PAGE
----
The stress of the new school year can come on as excitement for some, anxiety for others and just plain chaos for even more of us. The new school year starts with new boxes of crayons, rulers, freshly polished floors and of course... pencils. A long time ago, school supply lists were quite short. Now, with even more school budget cuts imposed upon public schools every year combined with our voracious need to consume "new" things....the lists have grown longer and longer and the financial burden put on families during the school year has become great. I almost fell over when I saw the gargantuan list of supplies that I would need to be purchasing for my kids! 10 notebooks and 72 pencils..... you've got to be kidding me! For many of us, myself included... I tend to step back and shy away from the "back to school" shopping craziness that seems to pop up in every store. Here a sale, there a sale, spend money here, spend money there. There is just not the $$$ in the bank. And let's be honest, do kids really need new clothes to start the year? I may purchase underwear and socks... but my kids get new clothes when they need them... not when they want them. If money grew on trees, sure there would be extra for this or that, yet that is a dream only few are acquainted with.
These are tough times for many families. I work in a school that has tremendous needs. When we offer free school supplies to families, they are usually gone within 20 minutes and there is a line stretching out the door. People work hard and often have little extra to spend on school supplies or new clothes. Food seems to be the most important thing to put on the table. Who needs those new jeans and cool folders when there is no milk or cereal for the morning breakfast? Within the pressures of our "new everything" reality, that in order to be part of this reality, one must purchase "new" things. This of course is fueled by our 24/7 media stream; buy this, buy that, cool new this and cool new that. Everybody wants to fit in, right? As they saying goes... you only have one chance to make a good first impression. In this culture dominated by visual distractions, I can see why some place such importance on the outward appearances. I know I love a new pair of boots or great fitting pair of jeans. Remember junior high and all you wanted was the new cool asymmetrical hair cut just so you could fit in? It's not bad to want new things, it can just become wasteful when items that we have purchased never end up being used, hang in a closet or sit on the shelf. How can we reduce our waste and still achieve our goals?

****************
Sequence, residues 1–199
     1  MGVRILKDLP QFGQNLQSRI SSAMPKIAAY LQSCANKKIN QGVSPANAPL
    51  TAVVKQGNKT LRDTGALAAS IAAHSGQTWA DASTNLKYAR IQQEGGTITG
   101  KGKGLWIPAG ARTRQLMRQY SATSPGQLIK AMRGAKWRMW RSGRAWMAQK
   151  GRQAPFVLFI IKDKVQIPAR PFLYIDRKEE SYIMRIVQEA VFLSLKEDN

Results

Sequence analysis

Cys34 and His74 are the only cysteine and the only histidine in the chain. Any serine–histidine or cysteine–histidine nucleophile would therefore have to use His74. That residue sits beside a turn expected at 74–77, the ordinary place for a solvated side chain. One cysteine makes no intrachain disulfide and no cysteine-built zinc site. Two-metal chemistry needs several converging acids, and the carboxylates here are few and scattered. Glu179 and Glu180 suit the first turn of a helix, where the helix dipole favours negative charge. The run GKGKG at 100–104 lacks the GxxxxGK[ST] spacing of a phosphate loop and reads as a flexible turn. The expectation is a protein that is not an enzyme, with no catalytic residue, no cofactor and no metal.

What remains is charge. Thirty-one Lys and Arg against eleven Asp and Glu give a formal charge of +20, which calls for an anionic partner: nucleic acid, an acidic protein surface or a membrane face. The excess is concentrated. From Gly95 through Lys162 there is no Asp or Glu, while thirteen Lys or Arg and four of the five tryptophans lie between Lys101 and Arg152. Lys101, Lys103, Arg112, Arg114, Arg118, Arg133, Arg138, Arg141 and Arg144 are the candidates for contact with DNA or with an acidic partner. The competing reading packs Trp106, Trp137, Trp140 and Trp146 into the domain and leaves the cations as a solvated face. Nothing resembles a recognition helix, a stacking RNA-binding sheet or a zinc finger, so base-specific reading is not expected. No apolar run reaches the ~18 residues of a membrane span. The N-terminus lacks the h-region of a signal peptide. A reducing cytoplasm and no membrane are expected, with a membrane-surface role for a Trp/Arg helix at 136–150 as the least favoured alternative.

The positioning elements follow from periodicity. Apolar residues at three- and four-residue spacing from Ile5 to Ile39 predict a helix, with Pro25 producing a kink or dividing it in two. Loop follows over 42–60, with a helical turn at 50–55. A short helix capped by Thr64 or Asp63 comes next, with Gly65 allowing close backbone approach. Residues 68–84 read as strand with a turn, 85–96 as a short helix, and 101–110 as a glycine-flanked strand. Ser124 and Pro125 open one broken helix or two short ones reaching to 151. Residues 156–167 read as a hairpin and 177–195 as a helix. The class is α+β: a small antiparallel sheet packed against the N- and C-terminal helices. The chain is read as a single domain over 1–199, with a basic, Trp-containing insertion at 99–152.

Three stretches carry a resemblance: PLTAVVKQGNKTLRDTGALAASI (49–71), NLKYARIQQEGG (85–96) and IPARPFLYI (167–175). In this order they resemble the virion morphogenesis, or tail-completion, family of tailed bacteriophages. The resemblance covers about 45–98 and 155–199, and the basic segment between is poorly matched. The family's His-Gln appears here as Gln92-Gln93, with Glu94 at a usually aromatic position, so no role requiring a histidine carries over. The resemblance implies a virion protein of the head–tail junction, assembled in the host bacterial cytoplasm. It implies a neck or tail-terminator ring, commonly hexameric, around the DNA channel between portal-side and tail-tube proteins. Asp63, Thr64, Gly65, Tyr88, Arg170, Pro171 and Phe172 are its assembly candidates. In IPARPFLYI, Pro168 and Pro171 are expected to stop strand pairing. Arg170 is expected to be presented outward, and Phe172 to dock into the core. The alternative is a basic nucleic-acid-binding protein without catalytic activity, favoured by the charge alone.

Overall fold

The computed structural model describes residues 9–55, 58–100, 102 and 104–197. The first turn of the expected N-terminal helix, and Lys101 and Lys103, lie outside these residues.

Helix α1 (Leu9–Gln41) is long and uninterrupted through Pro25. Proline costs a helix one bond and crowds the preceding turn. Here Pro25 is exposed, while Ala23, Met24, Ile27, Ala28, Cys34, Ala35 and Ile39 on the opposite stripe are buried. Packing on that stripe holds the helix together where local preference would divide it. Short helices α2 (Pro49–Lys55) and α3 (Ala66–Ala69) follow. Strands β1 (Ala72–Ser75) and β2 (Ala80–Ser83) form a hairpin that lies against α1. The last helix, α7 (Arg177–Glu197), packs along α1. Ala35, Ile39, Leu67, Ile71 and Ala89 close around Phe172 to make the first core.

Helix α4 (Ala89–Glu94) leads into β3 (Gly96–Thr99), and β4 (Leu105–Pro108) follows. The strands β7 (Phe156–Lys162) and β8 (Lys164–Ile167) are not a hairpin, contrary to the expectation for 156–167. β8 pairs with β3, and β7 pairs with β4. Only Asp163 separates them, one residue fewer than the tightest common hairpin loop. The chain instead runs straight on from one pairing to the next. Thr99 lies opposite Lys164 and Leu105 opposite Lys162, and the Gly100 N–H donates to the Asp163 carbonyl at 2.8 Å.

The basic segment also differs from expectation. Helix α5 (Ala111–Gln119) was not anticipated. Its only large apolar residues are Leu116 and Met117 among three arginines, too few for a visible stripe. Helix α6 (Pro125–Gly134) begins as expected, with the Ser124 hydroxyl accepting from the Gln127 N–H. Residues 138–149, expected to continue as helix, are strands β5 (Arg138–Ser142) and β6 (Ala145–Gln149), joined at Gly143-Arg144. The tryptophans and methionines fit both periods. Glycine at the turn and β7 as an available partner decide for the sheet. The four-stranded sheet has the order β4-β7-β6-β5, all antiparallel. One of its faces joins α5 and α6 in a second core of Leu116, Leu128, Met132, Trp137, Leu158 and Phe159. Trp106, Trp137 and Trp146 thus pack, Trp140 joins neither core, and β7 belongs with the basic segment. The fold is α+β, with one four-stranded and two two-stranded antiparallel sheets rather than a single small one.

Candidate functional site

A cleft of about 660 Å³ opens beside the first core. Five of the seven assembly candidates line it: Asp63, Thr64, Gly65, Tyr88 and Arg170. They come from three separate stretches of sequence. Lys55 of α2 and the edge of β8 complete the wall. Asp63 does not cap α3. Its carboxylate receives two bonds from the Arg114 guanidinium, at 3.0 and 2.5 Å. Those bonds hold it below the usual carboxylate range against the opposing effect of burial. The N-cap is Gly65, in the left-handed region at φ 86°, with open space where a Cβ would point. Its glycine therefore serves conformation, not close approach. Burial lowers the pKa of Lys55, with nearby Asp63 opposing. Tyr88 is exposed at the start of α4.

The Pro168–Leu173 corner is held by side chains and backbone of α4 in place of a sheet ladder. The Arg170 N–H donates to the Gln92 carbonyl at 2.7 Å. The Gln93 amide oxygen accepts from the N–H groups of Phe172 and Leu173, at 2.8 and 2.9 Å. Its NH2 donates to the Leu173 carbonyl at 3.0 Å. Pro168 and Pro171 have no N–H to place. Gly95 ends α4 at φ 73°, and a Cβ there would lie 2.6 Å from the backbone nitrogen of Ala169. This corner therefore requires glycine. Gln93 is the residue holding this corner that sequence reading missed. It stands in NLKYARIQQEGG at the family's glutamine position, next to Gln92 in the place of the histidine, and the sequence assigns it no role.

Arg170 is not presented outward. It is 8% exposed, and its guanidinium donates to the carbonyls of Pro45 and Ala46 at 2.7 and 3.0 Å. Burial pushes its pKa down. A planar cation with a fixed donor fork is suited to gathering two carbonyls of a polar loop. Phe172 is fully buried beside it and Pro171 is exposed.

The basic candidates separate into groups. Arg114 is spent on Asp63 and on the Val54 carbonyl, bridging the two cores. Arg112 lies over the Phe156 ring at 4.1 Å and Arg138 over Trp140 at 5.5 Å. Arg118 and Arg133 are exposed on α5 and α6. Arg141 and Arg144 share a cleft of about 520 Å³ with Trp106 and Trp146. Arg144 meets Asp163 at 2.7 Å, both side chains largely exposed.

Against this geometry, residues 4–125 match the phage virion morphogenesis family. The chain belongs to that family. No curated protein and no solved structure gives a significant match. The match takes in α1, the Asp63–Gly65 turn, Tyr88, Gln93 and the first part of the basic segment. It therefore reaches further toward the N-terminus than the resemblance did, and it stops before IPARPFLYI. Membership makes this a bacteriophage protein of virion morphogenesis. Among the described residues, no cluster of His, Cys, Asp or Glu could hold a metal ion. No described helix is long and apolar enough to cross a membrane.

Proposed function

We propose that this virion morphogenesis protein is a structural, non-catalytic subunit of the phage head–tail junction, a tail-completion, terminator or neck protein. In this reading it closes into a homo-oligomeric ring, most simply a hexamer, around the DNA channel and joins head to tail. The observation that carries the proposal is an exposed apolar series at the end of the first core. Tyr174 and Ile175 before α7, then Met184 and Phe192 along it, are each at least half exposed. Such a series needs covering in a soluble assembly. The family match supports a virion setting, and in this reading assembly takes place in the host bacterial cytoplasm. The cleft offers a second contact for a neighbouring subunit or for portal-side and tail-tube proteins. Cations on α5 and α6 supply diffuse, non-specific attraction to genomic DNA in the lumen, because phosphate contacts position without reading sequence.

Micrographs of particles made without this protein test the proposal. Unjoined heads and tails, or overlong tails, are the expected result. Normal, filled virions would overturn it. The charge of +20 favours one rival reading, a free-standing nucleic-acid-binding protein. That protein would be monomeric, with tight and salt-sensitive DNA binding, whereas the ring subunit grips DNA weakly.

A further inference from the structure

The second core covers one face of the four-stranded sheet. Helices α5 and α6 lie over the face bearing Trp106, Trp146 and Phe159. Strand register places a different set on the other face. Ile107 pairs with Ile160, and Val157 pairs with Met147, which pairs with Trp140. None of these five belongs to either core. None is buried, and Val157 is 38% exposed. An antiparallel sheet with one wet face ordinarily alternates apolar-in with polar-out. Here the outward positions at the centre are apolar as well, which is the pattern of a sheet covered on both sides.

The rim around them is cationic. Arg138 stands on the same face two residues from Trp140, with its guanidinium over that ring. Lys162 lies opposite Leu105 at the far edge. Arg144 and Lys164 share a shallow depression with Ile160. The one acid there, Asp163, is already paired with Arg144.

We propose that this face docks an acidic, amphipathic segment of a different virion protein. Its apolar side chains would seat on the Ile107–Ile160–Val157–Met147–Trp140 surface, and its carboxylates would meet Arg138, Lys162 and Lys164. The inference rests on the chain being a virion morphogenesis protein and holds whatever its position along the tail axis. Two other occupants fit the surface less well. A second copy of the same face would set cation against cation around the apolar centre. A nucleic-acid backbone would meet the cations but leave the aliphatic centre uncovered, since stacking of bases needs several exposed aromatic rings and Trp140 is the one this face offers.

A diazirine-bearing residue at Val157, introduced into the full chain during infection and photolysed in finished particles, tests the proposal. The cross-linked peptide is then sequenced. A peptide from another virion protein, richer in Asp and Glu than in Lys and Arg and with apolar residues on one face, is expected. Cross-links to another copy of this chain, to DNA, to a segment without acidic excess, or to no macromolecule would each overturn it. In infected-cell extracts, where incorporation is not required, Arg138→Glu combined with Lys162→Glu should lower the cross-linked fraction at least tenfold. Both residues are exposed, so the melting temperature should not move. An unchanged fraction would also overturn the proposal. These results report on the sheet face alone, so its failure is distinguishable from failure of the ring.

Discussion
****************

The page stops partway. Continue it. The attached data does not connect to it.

This post is #1 in a series of four. As part of the Foodbuzz Tastemaker program, I was contacted by Glad, the plastic bag company to look at how we create waste and how we can possibly modify our decisions to create less waste. (Remember Tom Bosley's commercials?) The purpose of the these posts is to spend some time and take a look around us at the waste we make, whether it is in the classroom or kitchen. The focus is reduce, reuse and recycle. Garbage bags aren't going anywhere any too soon, it's what we fill them with that we need to consider. Our choice and the challenge? ~ let's be proactive about what we use, how we use it and how we can re-use it. How can we make changes in our lives that lessen our impact on mother earth? Can we compost more of our kitchen scraps? Can we choose to use compostable bags? Can we recycle all of our paper? Can we tame the consumerism fever? Important questions that don't require maximum brain power, just the ability to make some different choices.